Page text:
“Do we have to go?/ Could we just stay home?/ 'Cause I'm so tired/ I'm so tired,” Burch pleads on “Party's Over,” the second single from her latest record, If You're Dreaming, out now on Polyvinyl.
Where Burch's 2018 debut Quit the Curse presented a shimmering lo-fi landscape of romantic misadventures laced with frustration, mixed signals, and unreciprocated devotion, If You're Dreaming is a sleepless night spent tiptoeing, sipping tea, and imagining a world in which everything is forced to slow down. A step toward meditative melancholy, If You're Dreaming is Burch at her most awake.
“I mean aside from like the really heavy shit that is going on outside of my apartment, I feel I pretty, pretty safe, pretty comfortable and like pretty grateful to be quarantining with my boyfriend and my cat,” she says. While artists are being advised to shelve their records in the age of coronavirus, Burch's sophomore release persists — though she admits releasing a record at a time when we are asked to stay inside of our homes is a bit strange.
“I'm not going to be able to play songs for people and really feel that kind of exchange,” she says. “I do kind of feel like, in a weird way, [the climate] gives the record more of its own place, if that makes any sense.”
The idea of place just so happens to be a vital component of the record, as Burch found herself grasping for stability following a grueling tour in support of her debut record that lasted a bit longer than she had anticipated.
“I was kind of not taking care of myself,” she says of life on the road.
Following the tour, Burch came home to what she refers to as “a lot of chaos” in terms of housing situations, and, at one point, found herself being robbed at gunpoint. She says it wasn't until she found herself in a more stable arrangement that she began to settle in and down, which allowed her to finish working on the record. Burch says you may be able to detect a mood shift during the last half of the If You're Dreaming, the bulk of which was written and composed in her current environment, her apartment. (During this interview, which she conducted from her balcony, birds can be heard singing, painting Burch like some sort of lo-fi Snow White.)
The serenity that envelops the record is also a postcard from the album's recording session, done over a two week period in the Catskills. Burch enlisted drummer Matt Rickle and producer and multi-instrumentalist Sam Evian, whose Catskills studio the trio holed themselves in.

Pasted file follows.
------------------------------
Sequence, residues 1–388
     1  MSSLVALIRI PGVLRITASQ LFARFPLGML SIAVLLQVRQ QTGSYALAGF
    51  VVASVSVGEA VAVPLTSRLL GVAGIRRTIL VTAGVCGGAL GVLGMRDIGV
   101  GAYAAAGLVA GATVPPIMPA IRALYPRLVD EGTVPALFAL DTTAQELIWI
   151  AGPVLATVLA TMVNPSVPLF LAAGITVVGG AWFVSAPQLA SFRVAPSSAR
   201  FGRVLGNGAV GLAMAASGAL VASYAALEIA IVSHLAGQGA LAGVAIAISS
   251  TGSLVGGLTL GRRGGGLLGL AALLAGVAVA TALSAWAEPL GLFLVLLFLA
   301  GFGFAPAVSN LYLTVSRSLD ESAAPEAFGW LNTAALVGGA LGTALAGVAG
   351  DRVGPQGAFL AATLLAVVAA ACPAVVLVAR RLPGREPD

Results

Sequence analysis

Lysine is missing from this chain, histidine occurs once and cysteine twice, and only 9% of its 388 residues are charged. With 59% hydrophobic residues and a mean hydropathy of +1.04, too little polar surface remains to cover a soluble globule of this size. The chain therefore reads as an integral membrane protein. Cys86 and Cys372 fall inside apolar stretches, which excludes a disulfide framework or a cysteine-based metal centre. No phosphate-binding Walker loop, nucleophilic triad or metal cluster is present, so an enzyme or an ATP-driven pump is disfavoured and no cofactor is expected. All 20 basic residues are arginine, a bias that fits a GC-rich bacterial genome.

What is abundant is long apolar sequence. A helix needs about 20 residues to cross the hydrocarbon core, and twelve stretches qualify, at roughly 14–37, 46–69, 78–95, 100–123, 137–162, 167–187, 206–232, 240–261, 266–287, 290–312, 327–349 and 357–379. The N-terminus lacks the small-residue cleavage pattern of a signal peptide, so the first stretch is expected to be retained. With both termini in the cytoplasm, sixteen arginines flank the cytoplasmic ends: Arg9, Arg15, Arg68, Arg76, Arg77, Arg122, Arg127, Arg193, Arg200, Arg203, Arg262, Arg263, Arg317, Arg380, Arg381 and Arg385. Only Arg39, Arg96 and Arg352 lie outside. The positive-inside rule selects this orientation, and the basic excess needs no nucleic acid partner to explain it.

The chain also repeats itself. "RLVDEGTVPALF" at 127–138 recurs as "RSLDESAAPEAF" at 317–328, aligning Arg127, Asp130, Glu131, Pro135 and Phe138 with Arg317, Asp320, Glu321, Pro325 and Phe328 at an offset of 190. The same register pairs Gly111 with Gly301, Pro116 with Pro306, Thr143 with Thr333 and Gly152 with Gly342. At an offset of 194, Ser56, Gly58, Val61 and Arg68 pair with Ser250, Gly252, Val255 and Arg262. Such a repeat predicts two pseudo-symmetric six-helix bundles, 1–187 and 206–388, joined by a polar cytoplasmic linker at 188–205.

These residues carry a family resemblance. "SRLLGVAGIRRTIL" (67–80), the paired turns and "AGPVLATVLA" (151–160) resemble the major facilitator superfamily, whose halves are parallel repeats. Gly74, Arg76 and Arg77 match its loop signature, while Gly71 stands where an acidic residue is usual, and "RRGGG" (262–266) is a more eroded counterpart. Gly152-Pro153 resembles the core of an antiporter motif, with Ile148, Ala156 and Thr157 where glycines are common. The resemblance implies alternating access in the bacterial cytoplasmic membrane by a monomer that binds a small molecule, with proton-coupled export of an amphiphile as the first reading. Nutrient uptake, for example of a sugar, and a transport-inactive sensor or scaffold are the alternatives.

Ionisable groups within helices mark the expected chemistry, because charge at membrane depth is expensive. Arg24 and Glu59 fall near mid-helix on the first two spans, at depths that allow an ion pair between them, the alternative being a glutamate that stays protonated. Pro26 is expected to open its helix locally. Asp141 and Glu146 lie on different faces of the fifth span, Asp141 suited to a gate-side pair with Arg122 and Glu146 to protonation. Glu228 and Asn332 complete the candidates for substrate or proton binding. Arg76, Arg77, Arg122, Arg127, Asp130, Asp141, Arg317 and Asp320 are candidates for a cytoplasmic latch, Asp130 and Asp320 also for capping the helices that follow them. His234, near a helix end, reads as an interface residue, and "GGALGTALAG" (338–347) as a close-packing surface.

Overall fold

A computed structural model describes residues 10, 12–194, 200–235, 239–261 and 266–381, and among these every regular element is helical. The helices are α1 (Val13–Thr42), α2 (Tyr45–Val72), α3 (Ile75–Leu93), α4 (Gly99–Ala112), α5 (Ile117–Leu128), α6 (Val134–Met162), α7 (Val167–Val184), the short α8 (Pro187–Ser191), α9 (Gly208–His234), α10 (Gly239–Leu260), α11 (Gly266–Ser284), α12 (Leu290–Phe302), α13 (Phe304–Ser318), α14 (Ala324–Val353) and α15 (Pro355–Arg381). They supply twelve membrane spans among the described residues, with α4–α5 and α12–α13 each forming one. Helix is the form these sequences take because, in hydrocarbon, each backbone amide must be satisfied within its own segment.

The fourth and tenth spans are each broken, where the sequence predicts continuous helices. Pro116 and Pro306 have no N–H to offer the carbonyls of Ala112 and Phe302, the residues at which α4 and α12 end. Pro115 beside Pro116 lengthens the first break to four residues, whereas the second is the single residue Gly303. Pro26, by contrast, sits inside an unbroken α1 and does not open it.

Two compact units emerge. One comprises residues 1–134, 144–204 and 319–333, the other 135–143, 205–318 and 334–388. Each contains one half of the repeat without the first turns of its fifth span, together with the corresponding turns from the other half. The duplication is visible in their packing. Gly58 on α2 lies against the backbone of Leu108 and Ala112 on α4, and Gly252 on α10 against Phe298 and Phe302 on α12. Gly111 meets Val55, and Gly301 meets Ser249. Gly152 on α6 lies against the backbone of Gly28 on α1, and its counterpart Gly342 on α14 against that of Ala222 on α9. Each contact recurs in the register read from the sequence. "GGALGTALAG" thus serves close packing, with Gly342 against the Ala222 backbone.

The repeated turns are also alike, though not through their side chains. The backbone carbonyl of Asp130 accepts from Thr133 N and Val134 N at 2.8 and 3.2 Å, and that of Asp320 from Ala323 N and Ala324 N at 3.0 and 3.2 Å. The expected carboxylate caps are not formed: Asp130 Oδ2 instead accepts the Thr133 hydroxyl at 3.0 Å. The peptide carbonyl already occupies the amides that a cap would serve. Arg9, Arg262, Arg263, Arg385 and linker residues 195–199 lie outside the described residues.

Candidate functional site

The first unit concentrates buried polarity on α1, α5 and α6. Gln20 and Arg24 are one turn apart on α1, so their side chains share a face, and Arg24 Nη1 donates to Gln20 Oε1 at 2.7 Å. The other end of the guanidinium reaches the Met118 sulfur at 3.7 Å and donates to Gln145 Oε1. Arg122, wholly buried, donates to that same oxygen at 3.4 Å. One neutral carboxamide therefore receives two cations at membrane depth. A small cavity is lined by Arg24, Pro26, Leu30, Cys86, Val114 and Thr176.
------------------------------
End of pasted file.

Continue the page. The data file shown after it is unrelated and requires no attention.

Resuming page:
“It was just so nice like being in the Catskills and you know, having dinner together, playing cards and going for walks,” she says. “It was just such a nice environment. And I think it really lent itself to a more mellow record.”
If You're Dreaming, though sparse and tranquil, is a lesson in restraint. Burch hasn't necessarily abandoned the upbeat, high-energy from Quit the Curse, a record she says was the result of wanting to be heard. Those elements take a backseat to Burch's ability to make rock songs that are rooted in weariness and fear by weaving them into cascading declarations of acceptance, each one maintaining the same calming energy as waves lapping the shore or one of those clock radios that makes a bunch of sounds aimed for relaxation. Burch's interpretation of stillness still rocks.
Despite the title, Burch doesn't put too much stock into the material of her dreams, unless it happens to fit symbolically into what she may be going through, which is why the record is more inspired by the lack of sleep rather than what happens behind our eyes when we are asleep. “Most of the lyrics about sleep and about dreaming came from insomnia,” she says. “So I was having a really hard time sleeping and the person I'm in a relationship with is very good at sleeping. I think that kind of dynamic fed into a lot of those lyrics and the kind of like need for rest.”
When it is suggested that music made in the age of coronavirus will hold a special place in time, she jokes that hopefully, we can revisit If You're Dreaming without “too much PTSD.”
“I'm looking forward to writing a bit once I feel kind of like, things aren't spinning so fast,” she says.